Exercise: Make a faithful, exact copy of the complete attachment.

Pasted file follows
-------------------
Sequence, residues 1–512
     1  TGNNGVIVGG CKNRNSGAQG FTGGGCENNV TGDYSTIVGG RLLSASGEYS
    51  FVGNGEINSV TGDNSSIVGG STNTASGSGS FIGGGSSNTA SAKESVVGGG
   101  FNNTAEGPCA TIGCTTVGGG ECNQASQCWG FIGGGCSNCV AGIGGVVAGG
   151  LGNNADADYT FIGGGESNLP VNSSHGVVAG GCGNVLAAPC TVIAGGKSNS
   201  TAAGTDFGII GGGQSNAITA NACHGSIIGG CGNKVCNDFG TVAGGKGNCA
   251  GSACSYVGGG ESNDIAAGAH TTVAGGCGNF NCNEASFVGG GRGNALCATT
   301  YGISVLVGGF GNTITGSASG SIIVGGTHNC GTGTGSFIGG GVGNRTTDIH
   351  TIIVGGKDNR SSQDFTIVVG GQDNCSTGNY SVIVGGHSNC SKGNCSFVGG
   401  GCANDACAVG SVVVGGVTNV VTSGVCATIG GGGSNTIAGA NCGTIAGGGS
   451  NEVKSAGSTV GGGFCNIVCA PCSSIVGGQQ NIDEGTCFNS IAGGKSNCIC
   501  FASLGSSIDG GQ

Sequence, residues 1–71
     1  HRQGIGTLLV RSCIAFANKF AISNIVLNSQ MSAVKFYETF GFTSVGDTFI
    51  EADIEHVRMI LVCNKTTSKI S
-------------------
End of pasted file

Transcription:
Sequence, residues 1–512
     1  TGNNGVIVGG CKNRNSGAQG FTGGGCENNV TGDYSTIVGG RLLSASGEYS
    51  FVGNGEINSV TGDNSSIVGG STNTASGSGS FIGGGSSNTA SAKESVVGGG
   101  FNNTAEGPCA TIGCTTVGGG ECNQASQCWG FIGGGCSNCV AGIGGVVAGG
   151  LGNNADADYT FIGGGESNLP VNSSHGVVAG GCGNVLAAPC TVIAGGKSNS
   201  TAAGTDFGII GGGQSNAITA NACHGSIIGG CGNKVCNDFG TVAGGKGNCA
   251  GSACSYVGGG ESNDIAAGAH TTVAGGCGNF NCNEASFVGG GRGNALCATT
   301  YGISVLVGGF GNTITGSASG SIIVGGTHNC GTGTGSFIGG GVGNRTTDIH
   351  TIIVGGKDNR SSQDFTIVVG GQDNCSTGNY SVIVGGHSNC SKGNCSFVGG
   401  GCANDACAVG SVVVGGVTNV VTSGVCATIG GGGSNTIAGA NCGTIAGGGS
   451  NEVKSAGSTV GGGFCNIVCA PCSSIVGGQQ NIDEGTCFNS IAGGKSNCIC
   501  FASLGSSIDG GQ

Sequence, residues 1–71
     1  HRQGIGTLLV RSCIAFANKF AISNIVLNSQ MSAVKFYETF GFTSVGDTFI
    51  EADIEHVRMI LVCNKTTSKI S